Bennabi describes the post-civilized society as one that has reversed the direction of its movement and is now moving backwards, like our allegory of a person ageing. Bennabi considers the Islamic civilization to be a post-civilized society that has now regressed back to a world of objects and persons. Islam started in Jahili society were man lived in the world of objects and people. Islam broke this mold and brought the society into civilization and the world of ideas within three decades, through the catalyst of revelation and the transformative elements of the Prophet (peace be upon him) and the sahaba.


Psychological Description


The three stages of civilization can also be described as:
1. Spiritual
2. Rational
3. Instinctive
The will and power of society gives civilization its objective character. Society’s will and power differs depending on what phase society is in. He illustrates these stages by using a diagram similar to the one illustrated below.

Bennabi describes the stages through psychoanalysis thus:


“Looking at the individual at the zero point of the diagram drawn, we find him in the state which some Muslim scholars call “fitrah” (natural disposition). This means that he is fully “equipped” with all his inborn instincts thus being in the state of “homo natura”. The function of the religious ideal manifests itself in subjecting those instincts to a process of conditioning and adaptation representing what is known in Freudian psychology as “Repression”. Yet, this process is far from eradicating those instincts; instead, it regulates them in an integrated functional relationship with the imperatives of the religious ideal. Thus, the vital energy represented by the instincts is not abolished; it is rather channeled according to a specific order.
“In this stage, the individual is partly liberated from the natural laws which govern his biological structure in such a way that his being is almost totally under the control of the spiritual forces awakened in him by the religious ideal; thus, he leads a new life governed by the laws of the soul.“It was according to such laws that Bilal, despite the severe torture inflicted on his body, was raising his finger, repeating in a defying manner “Ahad, Ahad”. It is quite obvious that these words do not reflect the reaction of the natural instincts which were put under control, nor does it reflect the judgment of reason, for reason is unable to react in such a state of severe pain! It is nothing other than the voice of the soul which was liberated from the bondage of the instincts being now entirely subordinated to the power of the “faith” that had imbibed Bilal bin Rabah’s self.
“Similarly, the Islamic society was undergoing the same process of transformation. Like Bilal, it was not expressing itself in the language of flesh and blood. The voice of reason was not as yet heard in that nascent society. Thus, all the language used at this stage was based on the “logic” of the soul for it was exclusively the manifestation of the spiritual forces inherent in the human being.“This is the first stage of civilization, the stage at which all the instincts of man are “tamed” and integrated in a specific order that pulls their reins and restrains their drive.” (Bennabi, On the Origins of Society)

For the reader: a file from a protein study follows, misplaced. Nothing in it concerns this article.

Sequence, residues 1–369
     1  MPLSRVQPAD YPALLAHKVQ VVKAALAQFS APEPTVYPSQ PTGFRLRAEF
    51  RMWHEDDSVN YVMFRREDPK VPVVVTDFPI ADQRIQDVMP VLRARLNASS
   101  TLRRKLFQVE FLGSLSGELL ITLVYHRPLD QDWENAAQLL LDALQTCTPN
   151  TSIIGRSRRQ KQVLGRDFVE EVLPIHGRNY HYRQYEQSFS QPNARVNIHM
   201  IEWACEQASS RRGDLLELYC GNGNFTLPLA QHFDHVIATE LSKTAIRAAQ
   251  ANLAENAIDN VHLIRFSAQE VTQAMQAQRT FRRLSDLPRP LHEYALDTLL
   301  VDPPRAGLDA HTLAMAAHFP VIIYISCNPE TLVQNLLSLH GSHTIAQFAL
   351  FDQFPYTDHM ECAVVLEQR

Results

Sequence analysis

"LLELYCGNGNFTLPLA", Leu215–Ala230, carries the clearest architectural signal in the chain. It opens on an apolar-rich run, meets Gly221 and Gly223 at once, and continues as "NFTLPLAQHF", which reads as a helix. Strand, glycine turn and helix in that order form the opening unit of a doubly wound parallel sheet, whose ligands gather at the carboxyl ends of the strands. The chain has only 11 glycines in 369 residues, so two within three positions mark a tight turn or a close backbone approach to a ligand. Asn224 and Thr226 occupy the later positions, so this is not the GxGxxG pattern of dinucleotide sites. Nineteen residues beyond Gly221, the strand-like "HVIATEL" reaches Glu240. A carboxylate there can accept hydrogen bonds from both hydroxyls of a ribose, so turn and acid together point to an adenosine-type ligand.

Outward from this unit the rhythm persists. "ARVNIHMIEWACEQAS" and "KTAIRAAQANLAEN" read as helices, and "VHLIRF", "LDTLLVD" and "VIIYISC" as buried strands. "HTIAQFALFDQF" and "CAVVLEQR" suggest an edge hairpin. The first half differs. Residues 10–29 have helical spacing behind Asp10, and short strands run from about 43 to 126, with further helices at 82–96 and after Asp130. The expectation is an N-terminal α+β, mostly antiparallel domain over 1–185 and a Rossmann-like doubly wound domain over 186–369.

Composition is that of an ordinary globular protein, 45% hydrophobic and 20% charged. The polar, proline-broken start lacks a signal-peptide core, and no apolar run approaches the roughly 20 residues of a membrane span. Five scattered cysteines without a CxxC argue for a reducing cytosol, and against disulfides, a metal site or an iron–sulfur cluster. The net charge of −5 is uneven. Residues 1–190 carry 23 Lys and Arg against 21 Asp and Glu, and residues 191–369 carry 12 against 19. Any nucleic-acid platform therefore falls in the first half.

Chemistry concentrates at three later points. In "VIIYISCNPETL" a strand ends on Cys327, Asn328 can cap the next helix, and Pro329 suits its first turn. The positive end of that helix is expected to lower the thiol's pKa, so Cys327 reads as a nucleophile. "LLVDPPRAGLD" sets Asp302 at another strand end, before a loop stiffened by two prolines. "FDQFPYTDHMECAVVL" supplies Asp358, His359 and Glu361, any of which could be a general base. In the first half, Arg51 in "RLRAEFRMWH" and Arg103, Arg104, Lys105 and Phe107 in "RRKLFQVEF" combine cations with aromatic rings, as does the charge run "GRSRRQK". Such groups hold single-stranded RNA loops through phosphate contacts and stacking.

When the society’s social relations network expands even further and the conditioning power of religion weakens, the intellect rises in prominence as the integrating force. This is the age of reason, as labeled in the diagram. However, reason is a weaker force and does not fully control the instincts of man, and as civilization wanes, instincts play an increasingly more dominant role until they dominate. When instincts begin to dominate, the power of religion is weakened and morality fades, society begins to lose its integrity through a failing social relations network, which leads to the decline of civilization.


Historical Description


Describing the diagram in historical terms, the cycle of the Islamic Civilization began at the origin point in Ghar-e-Hira. Here was born our purpose, will and morality. Until 38 Hijri, we had a rapid rise as we remained faithful to our spirit, values and methods. In 38 Hijri, after the Treaty of Siffin and the division of the Islamic state, Bennabi notes that we lost our “soul”. Thereafter, we continued in a plateau trajectory which Bennabi describes as “reason” with many scientific developments and a continuation of the intellect. Between point B-C we began to move away from Reason and move increasingly towards taqlid on the one hand and mysticism on the other. Bennabi marks the decline of the Muslim civilization with the fall of Grenada in the West and the fall of Baghdad to the Mongols in the East.


This then is the historical description of the cycle.


Bennabi describes the first spiritual phase as one where the newly formed society deals with its problems by suppressing needs and maximizing utilization and distribution of resources at hand. He describes this stage as the most beautiful forms of asceticism exemplified by the Prophet (peace be upon him) and the generosity of the Sahabah in giving their wealth to the greater cause.


As the resources of the society expand in conjunction with the spiritual and intellectual endeavor, the power of the society also expands, marking the dramatic rise of the initial state in Medina. Bennabi notes that the power of the will is kept intact because of the strength and vitality of the ideas that creates a tension within every Muslim. He notes that this is a distinguishing characteristic of the origin-to-A phase. In the A-B phase, gradually the power of the idea weakens and the realms of people and objects take increasing prominence until it takes hold, particularly in the B-C phase.